By Bjorn Fehrm

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Introduction

Oct. 05 2015, ©. Leeham Co: In the final part of our series about comparing and evaluating economic and operational performance of airliners, we will combine the different Cash Operating Costs (COC) with the capital and insurance costs to form the Direct Operating Costs (DOC).

We will also look at typical values for the different costs that make up the DOC for a single aisle Boeing 737 or Airbus A320 aircraft and a typical dual aisle Boeing 787 or Airbus A330neo aircraft.

Summary:

  • We describe the cost that form an aircraft’s capital costs and how these differ between an ownership or a lease model.
  • When forming the Direct Operating Cost (DOC). The low fuel price of $1.50 per US Gallon has lowered the fuel’s part of DOC to around 20% for single aircraft and 30% for dual aisle aircraft on their typical mission types.
  • This means that other costs types in the DOC gets a more dominant role. We show which are the costs to look out for.
  • Finally we give the typical CASM (Cost per Available Seat Mile) values for single and dual aircraft in the market.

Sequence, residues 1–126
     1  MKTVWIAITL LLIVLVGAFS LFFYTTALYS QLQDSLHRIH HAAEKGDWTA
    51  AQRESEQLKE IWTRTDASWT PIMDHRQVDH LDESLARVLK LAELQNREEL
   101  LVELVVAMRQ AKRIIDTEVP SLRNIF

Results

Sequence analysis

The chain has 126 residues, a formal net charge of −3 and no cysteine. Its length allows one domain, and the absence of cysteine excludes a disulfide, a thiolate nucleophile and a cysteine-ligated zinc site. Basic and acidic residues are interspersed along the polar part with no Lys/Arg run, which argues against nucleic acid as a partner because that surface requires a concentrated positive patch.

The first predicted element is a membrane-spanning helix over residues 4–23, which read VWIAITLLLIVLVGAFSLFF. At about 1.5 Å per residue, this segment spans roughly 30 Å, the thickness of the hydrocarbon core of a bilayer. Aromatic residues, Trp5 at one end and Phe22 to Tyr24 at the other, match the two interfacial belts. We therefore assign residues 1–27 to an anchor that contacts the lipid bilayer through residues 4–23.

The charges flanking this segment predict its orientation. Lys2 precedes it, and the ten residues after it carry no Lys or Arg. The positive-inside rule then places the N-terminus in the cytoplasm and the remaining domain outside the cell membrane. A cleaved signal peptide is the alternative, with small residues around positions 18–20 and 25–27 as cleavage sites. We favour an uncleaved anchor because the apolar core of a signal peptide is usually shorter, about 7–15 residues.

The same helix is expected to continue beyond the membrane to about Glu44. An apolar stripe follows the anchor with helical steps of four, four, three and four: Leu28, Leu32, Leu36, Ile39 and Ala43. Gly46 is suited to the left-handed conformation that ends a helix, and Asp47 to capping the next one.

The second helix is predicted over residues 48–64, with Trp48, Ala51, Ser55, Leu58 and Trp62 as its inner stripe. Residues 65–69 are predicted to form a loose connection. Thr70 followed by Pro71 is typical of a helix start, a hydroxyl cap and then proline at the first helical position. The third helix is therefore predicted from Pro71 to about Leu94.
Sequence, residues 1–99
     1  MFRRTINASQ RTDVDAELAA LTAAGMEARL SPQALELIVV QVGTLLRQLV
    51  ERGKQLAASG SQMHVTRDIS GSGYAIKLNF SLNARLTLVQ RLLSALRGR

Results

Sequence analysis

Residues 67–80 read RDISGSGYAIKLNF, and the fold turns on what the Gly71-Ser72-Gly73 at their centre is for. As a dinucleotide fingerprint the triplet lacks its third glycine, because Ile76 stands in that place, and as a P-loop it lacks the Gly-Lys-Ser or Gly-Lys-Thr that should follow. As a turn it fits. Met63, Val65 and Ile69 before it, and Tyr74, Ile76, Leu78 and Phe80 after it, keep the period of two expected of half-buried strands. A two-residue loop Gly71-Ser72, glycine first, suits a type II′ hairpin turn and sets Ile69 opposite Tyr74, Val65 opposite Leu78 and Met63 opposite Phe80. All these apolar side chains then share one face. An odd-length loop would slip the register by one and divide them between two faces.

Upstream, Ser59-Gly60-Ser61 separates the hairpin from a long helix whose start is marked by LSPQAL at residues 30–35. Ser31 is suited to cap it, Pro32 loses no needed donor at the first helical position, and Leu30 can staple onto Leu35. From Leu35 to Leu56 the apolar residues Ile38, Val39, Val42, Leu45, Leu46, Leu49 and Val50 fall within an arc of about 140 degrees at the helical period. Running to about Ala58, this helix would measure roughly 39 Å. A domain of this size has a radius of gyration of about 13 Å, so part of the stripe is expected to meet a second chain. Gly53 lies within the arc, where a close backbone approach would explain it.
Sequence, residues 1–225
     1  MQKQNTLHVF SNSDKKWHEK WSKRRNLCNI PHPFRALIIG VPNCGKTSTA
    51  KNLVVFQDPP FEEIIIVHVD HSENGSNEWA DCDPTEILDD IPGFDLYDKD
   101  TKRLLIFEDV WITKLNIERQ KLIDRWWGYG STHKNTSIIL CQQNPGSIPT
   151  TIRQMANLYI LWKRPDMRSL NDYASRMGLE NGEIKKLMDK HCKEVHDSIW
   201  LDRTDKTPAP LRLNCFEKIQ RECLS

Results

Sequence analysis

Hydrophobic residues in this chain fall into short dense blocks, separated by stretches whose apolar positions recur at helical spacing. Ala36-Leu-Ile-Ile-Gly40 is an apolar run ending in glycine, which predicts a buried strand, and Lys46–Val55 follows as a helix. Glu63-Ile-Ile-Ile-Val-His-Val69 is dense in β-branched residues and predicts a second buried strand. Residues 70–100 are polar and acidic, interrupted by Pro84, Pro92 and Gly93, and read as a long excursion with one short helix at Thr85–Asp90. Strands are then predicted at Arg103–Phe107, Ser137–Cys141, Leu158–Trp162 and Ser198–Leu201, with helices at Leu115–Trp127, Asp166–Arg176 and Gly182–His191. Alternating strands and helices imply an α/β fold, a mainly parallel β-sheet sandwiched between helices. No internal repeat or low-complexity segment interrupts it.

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ISTAT Asia day two: home for the elderly

Introduction

May 12, 2015, c. Leeham Co: As you would have guessed we are talking Asian civil airliners, where planning in the region for the fast growing older generations is inadequate. This was the subject of several sessions during day two of the ISTAT Asia (International Society of Transport Aircraft Trading) conference in Singapore.

The problem is new, as up to now a newly established airline fleet in Asia has not had any numbers of older aircraft. But the expansion over the last 20 years is now producing the first transition waves of aircraft and the planning around the problems this generates is inadequate.

The result will be surprising write-downs of airline assets as aircraft being replaced cannot be transitioned out at booked residual values. The scale of the problem was highlighted by a survey of the 500 gathered ISTAT industry experts. The question posed to them was “There are 4700 aircraft coming up for replacement until 2033, has Asian airlines planned adequately for this?”:

  • 49% of the delegates responded a few airlines have.
  • 45% answered there are only some that do it.
  • 5% of the delegates answered most airlines does it.
  • 2% thought all Asian airlines have done it.

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ISTAT Asia: Asian airline market update

Introduction